Abstract

Opioid use disorder (OUD) is a type of substance use disorder characterized by repeated use of opioid drugs. These drugs are known to be rapidly addictive with severe withdrawal symptoms, making death due to overdose a rising concern. In this study, we took a closer look at a specific population of women, all of whom had children and were incarcerated for opioid use. Our goal was to better understand the factors that would impact success among this group seeking medication-assisted treatment for OUD. We developed a set of questions focused on a variety of factors including stigma surrounding the disorder, influence of the disorder of parenting, approaches and barriers to treatment, and potential motivation for seeking treatment. We then virtually interviewed women participating in the Orange County Corrections Medication for Opioid Use Disorder Program, specifically in the Methadone Clinic, to better understand their experiences with OUD and methadone treatment. The purpose of this study is to give better insight into existing treatment options in order to suggest revisions to current policies. By doing so, we hope to increase rates of recovery from OUD and to provide better future outcomes.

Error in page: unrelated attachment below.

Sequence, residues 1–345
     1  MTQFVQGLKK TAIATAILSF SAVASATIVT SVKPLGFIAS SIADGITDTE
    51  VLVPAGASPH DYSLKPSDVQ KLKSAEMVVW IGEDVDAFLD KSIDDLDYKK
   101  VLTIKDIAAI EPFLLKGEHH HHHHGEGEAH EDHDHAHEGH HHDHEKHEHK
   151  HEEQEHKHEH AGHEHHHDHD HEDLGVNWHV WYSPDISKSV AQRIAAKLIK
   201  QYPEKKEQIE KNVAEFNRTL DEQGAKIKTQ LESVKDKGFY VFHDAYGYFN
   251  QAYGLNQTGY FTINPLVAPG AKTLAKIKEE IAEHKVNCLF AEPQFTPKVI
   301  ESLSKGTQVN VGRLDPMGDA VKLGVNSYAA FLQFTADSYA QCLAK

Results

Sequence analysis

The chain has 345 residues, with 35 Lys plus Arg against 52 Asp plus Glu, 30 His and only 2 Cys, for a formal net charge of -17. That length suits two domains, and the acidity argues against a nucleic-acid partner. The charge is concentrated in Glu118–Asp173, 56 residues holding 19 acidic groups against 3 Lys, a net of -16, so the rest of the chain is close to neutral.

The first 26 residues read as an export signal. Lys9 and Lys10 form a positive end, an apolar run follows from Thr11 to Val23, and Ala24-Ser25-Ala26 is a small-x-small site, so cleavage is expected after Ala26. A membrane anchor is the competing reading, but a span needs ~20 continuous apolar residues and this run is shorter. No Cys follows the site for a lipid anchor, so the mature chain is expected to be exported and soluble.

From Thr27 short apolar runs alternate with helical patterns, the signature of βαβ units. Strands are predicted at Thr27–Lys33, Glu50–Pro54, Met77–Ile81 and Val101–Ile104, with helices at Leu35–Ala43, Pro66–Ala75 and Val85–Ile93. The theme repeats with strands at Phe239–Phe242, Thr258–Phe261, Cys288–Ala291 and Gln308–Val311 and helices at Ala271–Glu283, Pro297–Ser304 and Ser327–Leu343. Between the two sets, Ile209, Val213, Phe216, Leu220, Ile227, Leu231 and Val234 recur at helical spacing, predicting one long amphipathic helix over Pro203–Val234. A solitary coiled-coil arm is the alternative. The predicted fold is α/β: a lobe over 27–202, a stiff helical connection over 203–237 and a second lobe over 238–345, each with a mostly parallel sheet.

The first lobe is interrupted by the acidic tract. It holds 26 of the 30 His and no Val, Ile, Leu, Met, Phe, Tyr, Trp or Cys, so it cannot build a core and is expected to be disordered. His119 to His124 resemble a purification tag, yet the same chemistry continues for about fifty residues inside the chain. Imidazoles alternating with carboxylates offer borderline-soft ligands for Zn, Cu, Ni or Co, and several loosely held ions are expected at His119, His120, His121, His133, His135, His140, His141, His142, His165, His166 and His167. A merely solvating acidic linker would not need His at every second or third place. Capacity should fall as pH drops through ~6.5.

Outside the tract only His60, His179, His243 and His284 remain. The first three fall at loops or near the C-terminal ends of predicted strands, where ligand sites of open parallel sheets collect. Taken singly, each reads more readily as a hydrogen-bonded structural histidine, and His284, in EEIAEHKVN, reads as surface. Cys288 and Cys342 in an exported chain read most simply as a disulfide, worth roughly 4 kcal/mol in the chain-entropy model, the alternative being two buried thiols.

Thesis Completion

2022

Semester

Spring

Thesis Chair

Donley, Amy

Degree

Bachelor of Science (B.S.)

College

College of Sciences

Department

Sociology

Language

English

Access Status

Open Access

Release Date

5-1-2022

Restricted to the UCF community until 5-1-2022; it will then be open access.

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